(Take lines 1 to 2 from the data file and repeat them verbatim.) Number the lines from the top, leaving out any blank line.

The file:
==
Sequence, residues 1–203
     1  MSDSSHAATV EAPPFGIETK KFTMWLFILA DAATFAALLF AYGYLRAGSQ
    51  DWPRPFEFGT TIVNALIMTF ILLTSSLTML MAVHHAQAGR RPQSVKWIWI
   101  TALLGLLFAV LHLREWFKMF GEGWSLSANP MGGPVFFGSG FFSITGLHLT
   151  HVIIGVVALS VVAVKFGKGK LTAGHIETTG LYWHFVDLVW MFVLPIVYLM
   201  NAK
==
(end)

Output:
Sequence, residues 1–203
     1  MSDSSHAATV EAPPFGIETK KFTMWLFILA DAATFAALLF AYGYLRAGSQ